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A Dictionary of Greek and Roman biography and mythology (ed. William Smith) 11 11 Browse Search
Diodorus Siculus, Library 2 2 Browse Search
Sir Richard C. Jebb, Commentary on Sophocles: Oedipus at Colonus 2 2 Browse Search
Isocrates, Speeches (ed. George Norlin) 1 1 Browse Search
Plato, Euthydemus, Protagoras, Gorgias, Meno 1 1 Browse Search
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Browsing named entities in A Dictionary of Greek and Roman biography and mythology (ed. William Smith). You can also browse the collection for 402 BC or search for 402 BC in all documents.

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longed to the old Attic comedy, for Athenaeus (x. p. 453) states, that he lived shortly before Strattis, who appears to have commenced his career as a comic poet about B. C. 412. From the Scholiast on Aristophanes (Aristoph. Kn. 526) we further learn, that Callias was an emulator of Cratinus. It is, therefore, probable that he began to come before the public prior to B. C. 424; and if it could be proved that he was the same person as Calliades [CALLIADES], he would have lived at least till B. C. 402. We still possess a few fragments of his comedies, and the names of six are preserved in Suidas, viz. *Ai)gu/ptios, *)Atala/nth (Zenob. 4.7), *Ku/klwpes (perhaps alluded to by Athen. 2.57, and Clem. Alex. Strom. vi. p. 264), *Pedh=tai (Athen. 8.344; Schol. ad Aristoph. Av. 31, 151; D. L. 2.18), *Ba/traxoi, and *Sxola/contes. Whether he is the same as the Callias whom Athenaeus (vii. p. 672, x. pp. 448, 453) calls the author of a grammatikh\ tragw|di/a, is uncertain. (Comp. Athen. iv. pp. 1
Cameri'nus 5. Q. SULPICIUS SER. F. SER. N. CAMERINUS CORNUTUS, son or grandson of No. 3, consular tribune in B. C. 402 and again in 398. (Liv. 5.8, 14; Diod. 14.38, 82.)
Ce'phalus 2. An eminent Athenian orator and demagogue of the Colyttean demus, who flourished at and after the time of the Thirty Tyrants, in effecting whose overthrow he appears to have borne a leading part. He is placed by Clinton at B. C. 402, on the authority of Deinarchus c. Demosth. p. 100. 4, ed. Steph., compare p. 95. 7-8.) This date is confirmed by Demosthenes, who mentions him in connexion with Callistratus, Aristophon the Azenian, and Thrasybulus. (De Coron. p. 301.) He is summoned by Andocides to plead for him at the end of the oration De Mysteriis. (B. C. 400.) He flourished at least thirty years longer. Aeschines (who calls him o( palaio\s e)kei=nos o( dokw=n dhmotikw/tatos gegone/nai) relates, that, on one occasion, when he was opposed to Aristophon the Azenian, the latter boasted that he had been acquitted seventy-five times of accusations against his public conduct, but Cephalus replied, that during his long public life he had never been accused. (c. Ctesiph. p. 81. 3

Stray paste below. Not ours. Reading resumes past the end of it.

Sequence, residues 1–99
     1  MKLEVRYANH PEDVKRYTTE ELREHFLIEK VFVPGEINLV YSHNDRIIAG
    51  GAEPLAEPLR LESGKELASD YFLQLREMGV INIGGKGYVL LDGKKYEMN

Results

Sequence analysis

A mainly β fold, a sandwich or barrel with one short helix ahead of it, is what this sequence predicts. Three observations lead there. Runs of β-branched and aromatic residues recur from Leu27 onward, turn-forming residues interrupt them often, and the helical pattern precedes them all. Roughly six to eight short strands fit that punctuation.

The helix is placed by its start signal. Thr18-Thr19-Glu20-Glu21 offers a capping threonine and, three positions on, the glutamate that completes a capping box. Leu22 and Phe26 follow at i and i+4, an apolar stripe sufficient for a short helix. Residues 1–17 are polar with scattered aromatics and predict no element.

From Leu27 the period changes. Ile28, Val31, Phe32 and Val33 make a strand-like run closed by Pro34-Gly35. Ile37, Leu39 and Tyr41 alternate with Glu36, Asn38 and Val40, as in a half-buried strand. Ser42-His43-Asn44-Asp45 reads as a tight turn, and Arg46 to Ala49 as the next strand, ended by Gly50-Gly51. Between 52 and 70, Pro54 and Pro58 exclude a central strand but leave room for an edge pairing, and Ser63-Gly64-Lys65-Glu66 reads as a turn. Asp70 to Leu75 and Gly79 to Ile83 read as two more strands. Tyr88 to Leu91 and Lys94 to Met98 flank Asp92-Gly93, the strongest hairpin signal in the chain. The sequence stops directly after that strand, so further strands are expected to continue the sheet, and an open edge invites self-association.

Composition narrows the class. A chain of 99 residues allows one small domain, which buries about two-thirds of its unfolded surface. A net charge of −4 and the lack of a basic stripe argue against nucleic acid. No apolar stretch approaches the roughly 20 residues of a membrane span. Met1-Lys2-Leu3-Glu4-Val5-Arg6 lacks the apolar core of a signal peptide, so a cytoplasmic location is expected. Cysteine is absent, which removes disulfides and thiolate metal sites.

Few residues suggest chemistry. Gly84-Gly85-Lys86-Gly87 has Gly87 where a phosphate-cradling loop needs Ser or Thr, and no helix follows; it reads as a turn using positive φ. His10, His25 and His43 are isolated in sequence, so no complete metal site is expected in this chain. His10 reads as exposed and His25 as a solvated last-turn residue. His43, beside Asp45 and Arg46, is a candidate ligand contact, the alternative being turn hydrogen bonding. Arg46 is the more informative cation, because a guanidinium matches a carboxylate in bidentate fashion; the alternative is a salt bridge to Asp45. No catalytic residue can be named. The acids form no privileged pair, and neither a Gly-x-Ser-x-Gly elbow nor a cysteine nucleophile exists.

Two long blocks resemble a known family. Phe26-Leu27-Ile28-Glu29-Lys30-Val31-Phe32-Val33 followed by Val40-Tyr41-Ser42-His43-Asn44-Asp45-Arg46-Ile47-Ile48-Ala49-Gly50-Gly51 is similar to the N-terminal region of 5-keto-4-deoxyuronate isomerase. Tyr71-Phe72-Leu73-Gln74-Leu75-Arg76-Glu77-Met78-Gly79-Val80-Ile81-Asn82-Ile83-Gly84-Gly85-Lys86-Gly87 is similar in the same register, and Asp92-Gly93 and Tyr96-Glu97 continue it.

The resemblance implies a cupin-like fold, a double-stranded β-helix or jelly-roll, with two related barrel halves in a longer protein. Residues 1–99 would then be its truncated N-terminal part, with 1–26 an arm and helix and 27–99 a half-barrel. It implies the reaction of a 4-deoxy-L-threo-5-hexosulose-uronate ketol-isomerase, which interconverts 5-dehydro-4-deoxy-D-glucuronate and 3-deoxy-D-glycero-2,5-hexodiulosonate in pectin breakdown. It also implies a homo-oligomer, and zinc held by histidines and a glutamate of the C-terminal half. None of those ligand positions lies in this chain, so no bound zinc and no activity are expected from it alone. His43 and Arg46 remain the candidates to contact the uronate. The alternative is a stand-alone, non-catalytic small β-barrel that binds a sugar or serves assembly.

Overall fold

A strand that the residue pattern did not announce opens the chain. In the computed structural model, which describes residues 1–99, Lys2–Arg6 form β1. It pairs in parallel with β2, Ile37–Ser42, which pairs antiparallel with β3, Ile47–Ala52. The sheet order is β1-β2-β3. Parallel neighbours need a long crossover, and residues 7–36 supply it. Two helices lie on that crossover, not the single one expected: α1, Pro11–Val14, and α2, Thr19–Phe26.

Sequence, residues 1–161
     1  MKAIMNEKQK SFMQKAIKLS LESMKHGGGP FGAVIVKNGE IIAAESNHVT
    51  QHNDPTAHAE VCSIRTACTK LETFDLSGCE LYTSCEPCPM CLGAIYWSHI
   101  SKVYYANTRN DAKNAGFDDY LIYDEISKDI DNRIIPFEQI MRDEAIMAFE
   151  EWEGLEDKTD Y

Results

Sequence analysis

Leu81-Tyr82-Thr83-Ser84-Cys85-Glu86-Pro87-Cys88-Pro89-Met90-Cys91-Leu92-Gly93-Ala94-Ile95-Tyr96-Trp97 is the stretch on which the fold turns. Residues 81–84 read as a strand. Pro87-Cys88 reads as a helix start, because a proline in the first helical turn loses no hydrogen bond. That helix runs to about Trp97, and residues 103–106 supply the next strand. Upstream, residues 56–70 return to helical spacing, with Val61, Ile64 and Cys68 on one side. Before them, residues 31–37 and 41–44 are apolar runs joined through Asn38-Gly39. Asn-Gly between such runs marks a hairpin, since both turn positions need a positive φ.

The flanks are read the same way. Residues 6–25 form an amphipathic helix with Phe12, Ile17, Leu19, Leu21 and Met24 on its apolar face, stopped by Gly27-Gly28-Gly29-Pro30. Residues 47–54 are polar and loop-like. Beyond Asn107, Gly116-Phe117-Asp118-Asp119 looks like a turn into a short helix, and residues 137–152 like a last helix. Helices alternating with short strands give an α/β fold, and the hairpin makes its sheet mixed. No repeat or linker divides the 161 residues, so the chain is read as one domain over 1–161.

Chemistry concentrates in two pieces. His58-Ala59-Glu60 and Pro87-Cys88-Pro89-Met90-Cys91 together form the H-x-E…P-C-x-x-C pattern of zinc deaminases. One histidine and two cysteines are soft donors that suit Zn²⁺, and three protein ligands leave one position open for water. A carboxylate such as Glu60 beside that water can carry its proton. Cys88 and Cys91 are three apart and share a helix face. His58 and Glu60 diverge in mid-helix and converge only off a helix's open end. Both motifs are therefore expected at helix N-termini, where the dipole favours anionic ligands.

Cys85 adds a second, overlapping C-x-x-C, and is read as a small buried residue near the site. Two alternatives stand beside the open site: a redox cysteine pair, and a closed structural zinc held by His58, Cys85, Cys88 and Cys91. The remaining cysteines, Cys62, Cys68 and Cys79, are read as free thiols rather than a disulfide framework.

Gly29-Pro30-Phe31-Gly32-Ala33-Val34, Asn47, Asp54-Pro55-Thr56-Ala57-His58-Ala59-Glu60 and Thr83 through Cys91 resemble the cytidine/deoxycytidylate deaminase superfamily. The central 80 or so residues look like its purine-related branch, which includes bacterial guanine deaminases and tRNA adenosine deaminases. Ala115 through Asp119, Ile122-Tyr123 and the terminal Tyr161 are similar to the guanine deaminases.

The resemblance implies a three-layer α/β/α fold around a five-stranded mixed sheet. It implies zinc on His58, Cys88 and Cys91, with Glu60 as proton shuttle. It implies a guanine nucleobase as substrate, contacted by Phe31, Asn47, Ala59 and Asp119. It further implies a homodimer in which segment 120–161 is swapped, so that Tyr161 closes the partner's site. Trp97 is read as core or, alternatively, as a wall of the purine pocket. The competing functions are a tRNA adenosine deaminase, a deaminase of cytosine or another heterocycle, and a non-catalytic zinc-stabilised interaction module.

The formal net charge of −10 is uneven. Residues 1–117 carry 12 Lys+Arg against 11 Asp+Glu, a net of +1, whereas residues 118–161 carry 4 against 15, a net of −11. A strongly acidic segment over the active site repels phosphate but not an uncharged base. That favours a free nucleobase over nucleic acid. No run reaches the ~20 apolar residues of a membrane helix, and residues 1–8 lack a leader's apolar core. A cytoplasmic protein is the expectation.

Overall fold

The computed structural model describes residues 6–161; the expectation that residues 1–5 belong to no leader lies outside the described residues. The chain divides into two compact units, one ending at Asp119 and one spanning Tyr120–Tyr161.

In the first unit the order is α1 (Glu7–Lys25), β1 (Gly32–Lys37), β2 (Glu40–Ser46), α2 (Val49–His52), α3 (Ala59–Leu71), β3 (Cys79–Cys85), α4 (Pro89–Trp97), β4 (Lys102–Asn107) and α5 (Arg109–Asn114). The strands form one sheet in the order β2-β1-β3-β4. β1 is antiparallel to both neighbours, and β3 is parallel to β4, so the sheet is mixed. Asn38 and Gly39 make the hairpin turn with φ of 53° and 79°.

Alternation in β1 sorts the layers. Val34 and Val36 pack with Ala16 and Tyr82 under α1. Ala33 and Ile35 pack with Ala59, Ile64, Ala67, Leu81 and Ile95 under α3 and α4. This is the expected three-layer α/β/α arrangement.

Cephisodo'rus (*Khfiso/dwros). 1. An Athenian comic poet of the old comedy, gained a prize B. C. 402. (Lysias, *Drod. p. 162. 2, ed. Steph; Suidas, s.v. Eudoc. p. 270.) This date is confirmed by the title of one of his comedies, *)Antilai+/s, which evidently refers to the celebrated courtezan Lais; and also by his being mentioned in connexion with Cratinus, Aristophanes, Callias, Diodes, Eupolis, and Hermippus. The following are the known titles of his plays : *)Antilai+/s, *)Amazo/nes, *Trofw/nios,*(=Us. A few fragments of them are preserved by Photius and Suidas (s. v. *)/Onos u(/etai, by Pollux (6.173, 7.40, 87), and by Athenaeus. (iii. p. 119d., viii. p. 345f., xi. p. 459a., xii. p. 553a., xiv. p. 629d., xv. p. 667d., p. 689f., p. 701b
A Dictionary of Greek and Roman biography and mythology (ed. William Smith), Diony'sius or Diony'sius the Elder or the Elder Diony'sius (search)
*)Adri/as.) Ancona too was probably founded by him at the same time. (Plin. Nat. 3.13; Strab. v. p.241; Arnold's Rome, vol. i. p. 437.) With the same view he sent a squadron to assist the Lacedaemonians in preventing the Athenians from establishing themselves at Corcyra, B. C. 373. (Xen. Hell. 6.2. §§ 4, 33.) The extent of his commercial relations may be inferred from his importing horses for his chariots from the Venetian tribes at the head of the Adriatic. (Strab. v. p.212.) As early as B. C. 402 he is mentioned as sending large supplies of corn to relieve a scarcity at Rome. (Liv. 4.52; Niebuhr, Rom. Hist. ii. p. 564.) At the same time he took every opportunity of extending his relations with foreign powers, and strengthening himself by alliances. Thus we find him assisting the Illyrians against their neighlours the Molossians (Diod. 14.13), and concluding a treaty with the Gauls, who had lately made their appearance in Italy, and who continued from this time to furnish a consider